Strange creatues in long black cloaks. Seemingly without purpose. They survey the crags and peaks of California’s Santa Lucia Moutains. The Dark Watchers look out to sea, often in strange attire, with broad brimmed hats, often with a staff or walking sticks.
Travelers are said to spot the watchers on some rocky prominence, but by the second glance they have always vanished. Tales of the Dark Watchers appear in many books, and are still gaining momemtum on the Internet.
We see the Dark Watchers all the time. They are always out at dusk and dawn. All you see is just a tall dark silhouette. They almost look like horses standing on their hind legs with the assistance of a walking stick. Its pretty creepy, and nobody has ever seen them close up. They disappear the moment you try to get closer.
We passed the San Luis Obispo reservoir, and as we drove on the road I saw something at a distance down at the end of the mountain. It was a really big human figure, but it wasn’t. It had a Black Cape kind of like the grim reaper and it was leaning over holding on to a staff. Up in an area where no human could climb I saw a black figure in plain daylight. I have never seen anything like it up in the mountain.
Named in 1602 by a Spanish cartographer, the Sierra de Santa Lucia is a coastal mountain range in central California, stretching from Monterey at the north all the way south to San Luis Obispo. The famous Hearst Castle is perched among its southern peaks. North of Ragged Point, the Santa Lucias are the coast, forming a wall of wave-dashed cliffs 100 kilometers long — known as Big Sur — to which the Pacific Coast Highway clings, in some places precariously.
First is a mention in John Steinbeck’s short story Flight. Second is Robinson Jeffers’ poem Such Counsels You Gave to Me, and third is a rather non-specific assertion are stories of the Dark Watchers that are passed alone by the Chumash native American tribe, which has lived along California’s central coast and among the Channel Islands for some 13,000 years.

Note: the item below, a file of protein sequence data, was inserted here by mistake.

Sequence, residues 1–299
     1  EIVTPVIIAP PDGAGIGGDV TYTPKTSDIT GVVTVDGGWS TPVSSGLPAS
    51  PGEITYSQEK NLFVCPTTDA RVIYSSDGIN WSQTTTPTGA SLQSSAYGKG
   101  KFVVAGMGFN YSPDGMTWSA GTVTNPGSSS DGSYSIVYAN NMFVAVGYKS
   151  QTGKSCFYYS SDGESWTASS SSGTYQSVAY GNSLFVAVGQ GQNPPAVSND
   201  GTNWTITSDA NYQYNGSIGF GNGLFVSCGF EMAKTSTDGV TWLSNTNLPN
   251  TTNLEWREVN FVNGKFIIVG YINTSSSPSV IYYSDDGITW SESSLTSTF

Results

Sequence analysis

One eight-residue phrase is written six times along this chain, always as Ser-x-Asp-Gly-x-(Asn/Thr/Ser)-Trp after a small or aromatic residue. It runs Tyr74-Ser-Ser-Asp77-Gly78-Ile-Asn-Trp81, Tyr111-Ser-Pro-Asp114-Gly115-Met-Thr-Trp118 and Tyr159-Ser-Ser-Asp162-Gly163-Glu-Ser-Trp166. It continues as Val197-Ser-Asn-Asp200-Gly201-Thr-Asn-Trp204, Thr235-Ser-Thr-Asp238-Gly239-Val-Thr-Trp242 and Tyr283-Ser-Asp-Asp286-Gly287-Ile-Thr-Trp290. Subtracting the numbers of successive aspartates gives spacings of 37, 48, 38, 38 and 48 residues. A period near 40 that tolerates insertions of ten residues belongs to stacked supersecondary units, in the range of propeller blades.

The Chumash are a Native American people who historically inhabited the central and southern coastal regions of California, in portions of what is now San Luis Obispo, Santa Barbara, Ventura and Los Angeles counties, extending from Morro Bay in the north to Malibu in the south.
Mexico seized control of the missions in 1834. Tribespeople either fled into the interior, attempted farming for themselves and were driven off the land, or were enslaved by the new administrators. Many found highly exploitative work on large Mexican ranches.
After 1849 most Chumash land was lost due to theft by Americans and a declining population, due to the effects of violence and disease. The remaining Chumash began to lose their cohesive identity. In 1855, a small piece of land (120 acres) was set aside for just over 100 remaining Chumash Indians near Santa Ynez mission. This land ultimately became the only Chumash reservation, although Chumash individuals and families also continued to live throughout their former territory in southern California.
The most detailed and authoritative account of Chumash beliefs is by Thomas Blackburn, subsequently published as December’s Child: A Book of Chumash Oral Narratives. Blackburn’s principal source was the massive archive, including 111 Chumash oral narratives, collected by American linguist and ethnologist John Peabody Harrington between 1912 and 1928.
Harrington’s body of unpublished research, most of it on California natives, takes up over 200 meters of shelf space at the Smithsonian’s National Anthropological Archives. Blackburn’s Ph.D was well earned, because he went through it all, and compiled virtually all we know of the Chumash beliefs.
The legends of the Chumash describe a creature called a nunašīš. Chumash believed the Earth, as we know it, is the Middle World, an island surrounded by ocean; and the sun and other celestial bodies occupy the Upper World; and below is a Lower World. Among the denizens of the Lower World are the nunašīš, monstrous and misshapen animals, who come up to the Middle World at night and spread illness, bad luck, and other negative things.
They can be shaped like men, but they’re neither dark nor cloaked nor known for standing sentinel-like on prominences and then vanishing. The Chumash also believed in shape-shifting animals and humans, basically the same “skinwalker” belief widely held by many Native American cultures.
Stories like these were the inspiration for my new book
NEXT: Devil Head